February 9, 2010 in Features

Mom says blue, teen says azure

Kathy Mitchell/Marcy Sugar
 

Dear Annie: My 19-year-old daughter has always argued with me about everything. I could say the sky is blue, and she would say, “No, it’s azure.” When she was a child, I tried to ignore her debates and told her to just do as I say. But now that she’s a young adult, it no longer works. I don’t know how to put an end to these constant ridiculous arguments.

I just got off the phone with her. I asked if she could stop and get some cookie dough at the grocery store on her way home. She could not see any reason why I would want any, and I spent way too much time and effort convincing her to please get some so I could make some cookies. The store wasn’t out of her way, and it wasn’t expensive. She simply saw no reason for me to bake cookies.

She rarely does this with her father, although he has occasionally gotten the same treatment. I do not understand why she feels the need to make our lives so much more unpleasant than necessary. She will be finishing her education at a university halfway across the country next year, and it would be nice to put an end to this nonsense before she leaves. Please help. – Just for Argument’s Sake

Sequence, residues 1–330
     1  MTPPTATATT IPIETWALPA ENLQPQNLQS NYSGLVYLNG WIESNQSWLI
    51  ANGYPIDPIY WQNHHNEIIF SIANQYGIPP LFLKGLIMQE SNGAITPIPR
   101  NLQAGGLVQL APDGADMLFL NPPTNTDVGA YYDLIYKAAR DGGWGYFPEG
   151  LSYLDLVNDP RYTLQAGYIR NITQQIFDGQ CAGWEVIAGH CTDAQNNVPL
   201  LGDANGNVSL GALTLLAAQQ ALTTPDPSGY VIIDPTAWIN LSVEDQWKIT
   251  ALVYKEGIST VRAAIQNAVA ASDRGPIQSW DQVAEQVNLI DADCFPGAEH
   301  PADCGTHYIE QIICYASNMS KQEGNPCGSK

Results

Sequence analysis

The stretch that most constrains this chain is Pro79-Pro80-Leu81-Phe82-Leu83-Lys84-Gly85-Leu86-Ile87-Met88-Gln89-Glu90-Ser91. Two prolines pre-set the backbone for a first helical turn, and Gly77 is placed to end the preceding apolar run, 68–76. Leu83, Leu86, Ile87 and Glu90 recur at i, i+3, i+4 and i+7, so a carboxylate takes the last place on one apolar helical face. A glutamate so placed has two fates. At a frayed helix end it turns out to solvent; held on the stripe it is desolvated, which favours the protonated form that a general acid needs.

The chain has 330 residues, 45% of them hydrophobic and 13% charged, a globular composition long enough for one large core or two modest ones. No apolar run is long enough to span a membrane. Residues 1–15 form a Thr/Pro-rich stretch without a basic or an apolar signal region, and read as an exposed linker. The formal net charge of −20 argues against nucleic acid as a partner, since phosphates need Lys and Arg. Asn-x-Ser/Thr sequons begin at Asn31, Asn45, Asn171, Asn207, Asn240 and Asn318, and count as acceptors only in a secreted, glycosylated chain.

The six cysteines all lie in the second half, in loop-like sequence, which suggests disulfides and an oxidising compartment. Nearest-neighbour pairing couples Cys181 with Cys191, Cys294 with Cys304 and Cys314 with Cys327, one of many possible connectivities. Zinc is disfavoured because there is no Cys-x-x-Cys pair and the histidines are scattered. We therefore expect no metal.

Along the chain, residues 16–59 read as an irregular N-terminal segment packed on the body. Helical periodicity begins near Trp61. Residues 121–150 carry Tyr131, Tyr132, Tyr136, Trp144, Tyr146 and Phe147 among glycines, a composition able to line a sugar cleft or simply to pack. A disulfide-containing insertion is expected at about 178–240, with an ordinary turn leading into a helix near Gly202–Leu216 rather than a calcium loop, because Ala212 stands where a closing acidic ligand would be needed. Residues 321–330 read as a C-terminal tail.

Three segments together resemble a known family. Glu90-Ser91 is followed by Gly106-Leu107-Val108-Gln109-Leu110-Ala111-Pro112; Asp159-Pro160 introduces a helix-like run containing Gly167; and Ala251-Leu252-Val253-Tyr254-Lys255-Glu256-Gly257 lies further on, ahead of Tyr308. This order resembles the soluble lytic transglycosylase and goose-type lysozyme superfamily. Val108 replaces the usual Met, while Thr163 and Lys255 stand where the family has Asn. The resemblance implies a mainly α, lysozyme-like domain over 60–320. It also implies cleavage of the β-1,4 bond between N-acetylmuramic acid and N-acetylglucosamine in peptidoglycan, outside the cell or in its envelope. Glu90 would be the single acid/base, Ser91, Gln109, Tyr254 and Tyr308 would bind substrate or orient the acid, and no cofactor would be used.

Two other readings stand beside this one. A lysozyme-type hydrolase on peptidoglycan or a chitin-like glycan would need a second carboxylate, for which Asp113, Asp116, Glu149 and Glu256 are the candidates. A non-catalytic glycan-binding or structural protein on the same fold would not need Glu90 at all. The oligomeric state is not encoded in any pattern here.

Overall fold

Dear Just: You and your daughter have created a confrontational pattern that neither of you seems able to break. Here’s how: Stop arguing with her. When she says the sky is “azure,” tell her, “OK.” If she says you don’t need to bake cookies, reply thoughtfully, “You could be right.” These are not major issues, and it won’t matter if you let her win. Arguing is how your daughter gets your undivided attention. When she sees that she cannot provoke you, she may look for different ways to communicate. Help her out.

Annie’s Mailbox is written by Kathy Mitchell and Marcy Sugar, longtime editors of the Ann Landers column. Please e-mail your questions to anniesmailbox@comcast. net.

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